A new fleet of Moon landers will set sail next year, backed by private companies Source: By Joel Goldberg, Science Magazine.  Excerpt: Who knew outsourcing could extend to outer space? In some ways, that’s the aim of NASA’s $2.6 billion initiative meant to galvanize the private sector’s development of Moon landers and rovers. The Commercial Lunar Payload Services program has tasked a number of companies—including Pittsburgh-based Astrobotic—with delivering landers to the Moon’s surface twice a year. Astrobotic’s Peregrine lander, roughly the size of a tree house, is set to blast off this year from Cape Canaveral, Florida, as is Houston-based Intuitive Machines’s Nova-C. A second Astrobotic lander, Griffin, is expected to launch in 2023, ferrying the well-equipped, NASA-designed Volatiles Investigating Polar Exploration Rover. Its neutron counter, spectrometers, and specialized drill will seek out evidence of water and attempt to identify its origin.

Deflecting an Asteroid Before It Hits Earth May Take Multiple Bumps

[ ] Source: By Katherine Kornei , The New York Times.  Excerpt: There’s probably a large space rock out there, somewhere, that has Earth in its cross hairs. Scientists have in fact spotted one candidate —  Bennu, which has a small chance of banging into our planet in the year 2182 . But whether it’s Bennu or another asteroid, the question will be how to avoid a very unwelcome cosmic rendezvous. For almost 20 years, a team of researchers has been preparing for such a scenario. Using a specially designed gun, they’ve repeatedly fired projectiles at meteorites and measured how the space rocks recoiled and, in some cases, shattered. These observations shed light on how an asteroid might respond to a high-velocity impact intended to deflect it away from Earth. At the 84th annual meeting of the Meteoritical Society held in Chicago this month, researchers  presented findings from all of that high-powered marksmansh

Ancient supernovae might have upended Earth’s evolution By  Claire Hogan , Science Magazine.  Excerpt: When stars run out of fuel, they can collapse under their own gravity, exploding as supernovae that blast debris and radioactive nuclei far into space. Most of these events are too far from Earth to affect our planet. But if one happened nearby,  the effects could be dramatic . By studying radioactive isotopes on Earth, scientists have uncovered evidence suggesting two near-Earth supernovae occurred in the past few million years. Some researchers now hypothesize that supernova-generated particles known as cosmic rays might have depleted the ozone layer, increased cancer rates in ancient organisms, sparked wildfires, and even started an ice age....

‘Totally new’ idea suggests longer days on early Earth set stage for complex life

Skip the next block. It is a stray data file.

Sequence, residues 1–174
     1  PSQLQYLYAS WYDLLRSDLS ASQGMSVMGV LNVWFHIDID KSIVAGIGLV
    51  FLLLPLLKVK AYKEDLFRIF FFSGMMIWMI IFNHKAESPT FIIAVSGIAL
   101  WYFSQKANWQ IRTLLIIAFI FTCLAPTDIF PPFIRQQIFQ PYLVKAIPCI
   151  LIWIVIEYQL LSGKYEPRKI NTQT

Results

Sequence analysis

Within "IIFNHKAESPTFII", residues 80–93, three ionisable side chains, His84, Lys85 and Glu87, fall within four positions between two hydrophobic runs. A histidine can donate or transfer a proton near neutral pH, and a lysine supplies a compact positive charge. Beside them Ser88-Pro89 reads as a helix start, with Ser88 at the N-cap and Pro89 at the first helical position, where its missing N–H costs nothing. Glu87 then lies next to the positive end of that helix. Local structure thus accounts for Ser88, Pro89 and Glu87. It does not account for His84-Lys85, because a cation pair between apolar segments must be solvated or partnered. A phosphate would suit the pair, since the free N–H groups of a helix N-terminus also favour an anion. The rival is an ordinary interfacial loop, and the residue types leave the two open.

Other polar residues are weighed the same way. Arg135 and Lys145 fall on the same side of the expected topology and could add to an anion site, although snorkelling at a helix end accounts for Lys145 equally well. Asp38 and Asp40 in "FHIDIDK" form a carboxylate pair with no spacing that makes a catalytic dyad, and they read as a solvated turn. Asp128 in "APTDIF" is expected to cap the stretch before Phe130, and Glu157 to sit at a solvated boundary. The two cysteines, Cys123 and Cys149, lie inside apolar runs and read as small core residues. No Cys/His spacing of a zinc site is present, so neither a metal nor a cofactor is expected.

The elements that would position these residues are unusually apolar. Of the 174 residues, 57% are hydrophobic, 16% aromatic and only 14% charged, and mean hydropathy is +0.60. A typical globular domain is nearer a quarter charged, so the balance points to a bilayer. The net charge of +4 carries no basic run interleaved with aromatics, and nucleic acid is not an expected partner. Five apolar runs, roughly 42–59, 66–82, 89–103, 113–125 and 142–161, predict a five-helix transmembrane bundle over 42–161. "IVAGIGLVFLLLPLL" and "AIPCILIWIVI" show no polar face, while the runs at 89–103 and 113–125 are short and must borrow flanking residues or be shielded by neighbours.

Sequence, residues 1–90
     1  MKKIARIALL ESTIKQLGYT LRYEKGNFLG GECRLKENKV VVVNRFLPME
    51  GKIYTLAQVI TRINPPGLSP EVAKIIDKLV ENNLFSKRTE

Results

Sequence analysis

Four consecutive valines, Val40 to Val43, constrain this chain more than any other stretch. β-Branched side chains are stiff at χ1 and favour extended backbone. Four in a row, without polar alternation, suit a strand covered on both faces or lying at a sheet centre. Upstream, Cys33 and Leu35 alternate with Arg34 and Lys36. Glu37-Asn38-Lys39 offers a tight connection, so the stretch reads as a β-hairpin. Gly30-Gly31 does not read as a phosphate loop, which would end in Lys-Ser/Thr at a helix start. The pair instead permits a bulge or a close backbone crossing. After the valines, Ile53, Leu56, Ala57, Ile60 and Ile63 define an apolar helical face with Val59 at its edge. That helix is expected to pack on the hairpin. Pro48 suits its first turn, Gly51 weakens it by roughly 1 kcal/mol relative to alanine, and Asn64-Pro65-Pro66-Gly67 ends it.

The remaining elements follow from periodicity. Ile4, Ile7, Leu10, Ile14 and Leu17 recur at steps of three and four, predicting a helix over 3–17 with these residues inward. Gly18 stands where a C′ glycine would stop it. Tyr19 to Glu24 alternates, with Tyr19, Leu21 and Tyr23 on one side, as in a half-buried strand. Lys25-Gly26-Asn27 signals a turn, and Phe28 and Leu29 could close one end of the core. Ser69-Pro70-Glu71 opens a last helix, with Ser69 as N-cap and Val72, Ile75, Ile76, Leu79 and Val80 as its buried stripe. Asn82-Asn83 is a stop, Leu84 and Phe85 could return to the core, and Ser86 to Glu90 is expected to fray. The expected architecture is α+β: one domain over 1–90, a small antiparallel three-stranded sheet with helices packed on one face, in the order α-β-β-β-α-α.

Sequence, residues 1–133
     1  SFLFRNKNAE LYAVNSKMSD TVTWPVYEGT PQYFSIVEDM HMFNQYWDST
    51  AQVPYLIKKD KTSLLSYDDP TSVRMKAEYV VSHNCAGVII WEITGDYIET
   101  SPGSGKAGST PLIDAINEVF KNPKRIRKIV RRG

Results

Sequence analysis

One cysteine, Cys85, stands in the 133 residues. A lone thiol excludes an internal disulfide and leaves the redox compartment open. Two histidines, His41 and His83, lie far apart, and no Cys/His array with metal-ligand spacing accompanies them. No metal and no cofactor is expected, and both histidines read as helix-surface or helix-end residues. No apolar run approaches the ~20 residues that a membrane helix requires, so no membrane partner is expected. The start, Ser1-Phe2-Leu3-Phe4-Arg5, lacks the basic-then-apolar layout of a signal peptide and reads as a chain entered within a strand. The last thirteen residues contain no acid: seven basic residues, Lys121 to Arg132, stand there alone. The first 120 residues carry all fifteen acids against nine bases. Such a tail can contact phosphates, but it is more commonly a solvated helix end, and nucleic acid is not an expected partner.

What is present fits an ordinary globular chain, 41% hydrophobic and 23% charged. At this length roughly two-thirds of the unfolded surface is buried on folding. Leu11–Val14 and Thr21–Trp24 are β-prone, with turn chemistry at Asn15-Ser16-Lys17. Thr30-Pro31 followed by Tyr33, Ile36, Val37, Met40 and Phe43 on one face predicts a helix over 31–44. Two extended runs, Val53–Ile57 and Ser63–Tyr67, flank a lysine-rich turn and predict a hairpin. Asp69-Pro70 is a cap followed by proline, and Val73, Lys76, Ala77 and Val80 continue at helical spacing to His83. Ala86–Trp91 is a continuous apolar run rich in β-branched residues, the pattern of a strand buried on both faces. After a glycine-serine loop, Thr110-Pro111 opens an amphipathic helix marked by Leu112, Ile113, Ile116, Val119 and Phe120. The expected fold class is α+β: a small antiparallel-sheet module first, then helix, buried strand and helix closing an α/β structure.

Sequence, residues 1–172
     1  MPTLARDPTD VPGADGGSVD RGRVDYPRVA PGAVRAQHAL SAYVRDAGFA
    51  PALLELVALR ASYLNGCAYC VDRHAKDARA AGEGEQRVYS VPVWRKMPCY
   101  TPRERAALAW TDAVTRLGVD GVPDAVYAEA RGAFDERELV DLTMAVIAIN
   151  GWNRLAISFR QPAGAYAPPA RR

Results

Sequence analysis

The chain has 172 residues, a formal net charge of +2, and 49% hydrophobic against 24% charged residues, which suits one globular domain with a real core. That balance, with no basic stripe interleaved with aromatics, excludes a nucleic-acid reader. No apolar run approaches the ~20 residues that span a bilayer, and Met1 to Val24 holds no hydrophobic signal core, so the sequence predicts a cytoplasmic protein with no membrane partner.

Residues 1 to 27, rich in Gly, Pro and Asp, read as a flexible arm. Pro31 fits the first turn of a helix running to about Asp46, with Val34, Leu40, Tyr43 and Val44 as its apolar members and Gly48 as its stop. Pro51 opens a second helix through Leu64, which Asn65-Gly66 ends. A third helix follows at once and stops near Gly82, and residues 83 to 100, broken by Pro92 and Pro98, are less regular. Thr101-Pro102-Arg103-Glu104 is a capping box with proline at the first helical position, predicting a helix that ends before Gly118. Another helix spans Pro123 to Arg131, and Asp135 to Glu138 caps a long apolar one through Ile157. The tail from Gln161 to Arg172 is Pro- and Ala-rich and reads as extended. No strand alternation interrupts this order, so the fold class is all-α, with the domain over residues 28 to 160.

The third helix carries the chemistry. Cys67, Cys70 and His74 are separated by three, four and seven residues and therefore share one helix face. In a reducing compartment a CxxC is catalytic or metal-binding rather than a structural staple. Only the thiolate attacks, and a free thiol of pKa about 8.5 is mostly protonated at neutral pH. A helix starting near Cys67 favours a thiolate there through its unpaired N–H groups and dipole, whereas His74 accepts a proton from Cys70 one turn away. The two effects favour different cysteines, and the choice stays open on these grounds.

By  Elizabeth Pennisi , Science Magazine.  Excerpt: Today, oxygen fuels much of life on Earth, but it wasn’t always that way. Three billion years ago, this gas was scarce in the atmosphere and oceans. Knowing why oxygen became plentiful could illuminate the evolution of our planet’s flora and fauna, but scientists have struggled to find an explanation satisfying to all. Now a research team has proposed a novel link between how fast our planet spun on its axis, which defines the length of a day, and the ancient production of additional oxygen. Their modeling of Earth’s early days, which incorporates evidence from microbial mats coating the bottom of a shallow, sunlit sinkhole in Lake Huron, produced a surprising conclusion: as Earth’s spin slowed, the resulting longer days could have triggered more photosynthesis from similar mats, allowing oxygen to build up in ancient seas and diffuse up into the atmosphere.  That proposal , described today in Nature Geoscience, has intrigued some sci

She Changed Astronomy Forever. He Won the Nobel Prize For It. Source: By Ben Proudfoot, The New York Times.  Excerpt: [see video] In 1967, [Jocelyn] Burnell made a discovery that altered our perception of the universe. As a Ph.D. student at Cambridge University assisting the astronomer Anthony Hewish, she discovered pulsars —  compact, spinning celestial objects  that give off beams of radiation, like cosmic lighthouses. 

Exoplanet Articles in Eos/AGU

Unveiling the Next Exoplanet Act , by  Heather Goss .  Excerpt: ...our  August issue is all about exoplanets —what we know and what awaits us over the launch horizon. Who gets the first peek through James Webb Space Telescope (JWST)? In March, the proposals selected for the first observing cycle were announced. Meet the slate of scientists who will be pointing the telescope at other worlds, and read what they hope to learn in “ Overture to Exoplanets ." ...In “ The Forecast for Exoplanets Is Cloudy but Bright ,” we learn the immense challenge posed by exoplanet atmospheres, when researchers are still struggling to understand the complex dynamics of clouds on our own planet. ...And in “ Exoplanets in the Shadows ,” we look at the rogues, the extremes, and a new field being coined as necroplanetology. See also  Oddballs of the Exoplanet Realm . 

‘Hubble is back!’ Famed space telescope has new lease on life after computer swap appears to fix glitch Source: By  Daniel Clery .  Excerpt: The iconic but elderly Hubble Space Telescope appears to have been resurrected again after a shutdown of more than a month following a computer glitch. Science has learned that following a switch from the operating payload control computer to a backup device over the past 24 hours, Hubble’s operators have re-established communications with all the telescope’s instruments and plan to return them to normal operations today....